iLUC cannot be measured directly; instead iLUC has been estimated via global agricultural economic models. However, the current methodologies for estimating iLUC are based on a faulty assumption, a fundamental mathematical flaw. As a result of this and other deficiencies (e.g. nonlinear interactions with respect to biofuel volume, lack of data, inconsistent system boundaries between biofuel and petroleum systems, etc.) in estimating iLUC, no scientifically reliable iLUC values are available at this time. Therefore, we do not include iLUC values in our analysis of greenhouse gas emissions.
What this appears to mean is that the study demonstrates that ethanol fuel use in Michigan reduces greenhouse gas emissions as long as the evidence that ethanol fuel use might actually increase greenhouse gas emissions is completely discounted.
Dr. Arvin Mosier, Professor in Global Environmental Change and Food Systems at the University of Florida, has authored several papers on the environmental effects of ethanol production. Besides the iLUC issue, he said he believes the MSU study may overstate the CO2 reduction benefits of corn-based ethanol.
Mosier, said that in several papers, he and his co-authors "concluded that nitrous oxide emissions greatly limit the net decrease in CO2 equivalent emissions from ethanol production. The land use issue does not have to be considered to reach this conclusion."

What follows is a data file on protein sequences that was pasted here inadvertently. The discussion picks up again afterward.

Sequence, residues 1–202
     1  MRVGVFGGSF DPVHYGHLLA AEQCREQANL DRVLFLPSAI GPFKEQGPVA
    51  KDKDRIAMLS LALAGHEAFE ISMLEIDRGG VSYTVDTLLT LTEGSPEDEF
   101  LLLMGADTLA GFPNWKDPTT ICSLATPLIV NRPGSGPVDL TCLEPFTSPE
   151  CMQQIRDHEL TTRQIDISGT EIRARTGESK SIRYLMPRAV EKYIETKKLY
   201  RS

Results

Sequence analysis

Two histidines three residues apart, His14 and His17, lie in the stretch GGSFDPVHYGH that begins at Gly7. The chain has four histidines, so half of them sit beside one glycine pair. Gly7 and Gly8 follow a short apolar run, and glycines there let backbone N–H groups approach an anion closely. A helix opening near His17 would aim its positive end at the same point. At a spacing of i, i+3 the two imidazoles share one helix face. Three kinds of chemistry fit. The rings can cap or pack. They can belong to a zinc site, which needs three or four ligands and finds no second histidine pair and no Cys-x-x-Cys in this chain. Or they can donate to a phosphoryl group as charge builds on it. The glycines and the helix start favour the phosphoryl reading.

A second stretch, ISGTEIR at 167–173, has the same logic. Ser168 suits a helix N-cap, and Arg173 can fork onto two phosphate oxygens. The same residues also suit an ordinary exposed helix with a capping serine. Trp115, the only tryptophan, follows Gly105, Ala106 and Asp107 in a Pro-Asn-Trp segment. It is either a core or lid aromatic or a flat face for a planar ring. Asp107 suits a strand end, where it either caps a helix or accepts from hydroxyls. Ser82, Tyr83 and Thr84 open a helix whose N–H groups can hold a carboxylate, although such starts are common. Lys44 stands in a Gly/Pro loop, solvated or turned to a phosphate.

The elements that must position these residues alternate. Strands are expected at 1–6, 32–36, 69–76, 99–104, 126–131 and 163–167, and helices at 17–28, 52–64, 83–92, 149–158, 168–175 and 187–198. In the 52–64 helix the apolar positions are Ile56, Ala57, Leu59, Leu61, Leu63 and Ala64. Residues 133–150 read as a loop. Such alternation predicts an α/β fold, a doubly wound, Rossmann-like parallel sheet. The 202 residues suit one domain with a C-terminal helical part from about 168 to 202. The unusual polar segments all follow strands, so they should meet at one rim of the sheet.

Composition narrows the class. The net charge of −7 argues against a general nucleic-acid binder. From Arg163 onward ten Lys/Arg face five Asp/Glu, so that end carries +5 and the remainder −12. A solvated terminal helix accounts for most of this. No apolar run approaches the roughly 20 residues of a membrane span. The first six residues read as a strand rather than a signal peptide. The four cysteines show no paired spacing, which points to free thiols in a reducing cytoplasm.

Dr. Tim Searchinger, a professor at Princeton University, said ignoring iLUC is a "fundamental accounting error."
"[T]he authors make a fundamental error if they do not even estimate iLUC because they assume incorrectly that they can ignore the carbon emissions from the combustion of the ethanol itself," Searchinger said in an email. "That is very real carbon, and there is no justification for ignoring it."
In a 2010 study. he explained the issue: "All potential greenhouse gas reductions from such biofuels, as well as many potential emission increases, result from indirect effects, including reduced crop consumption, price-induced yield gains and land conversion."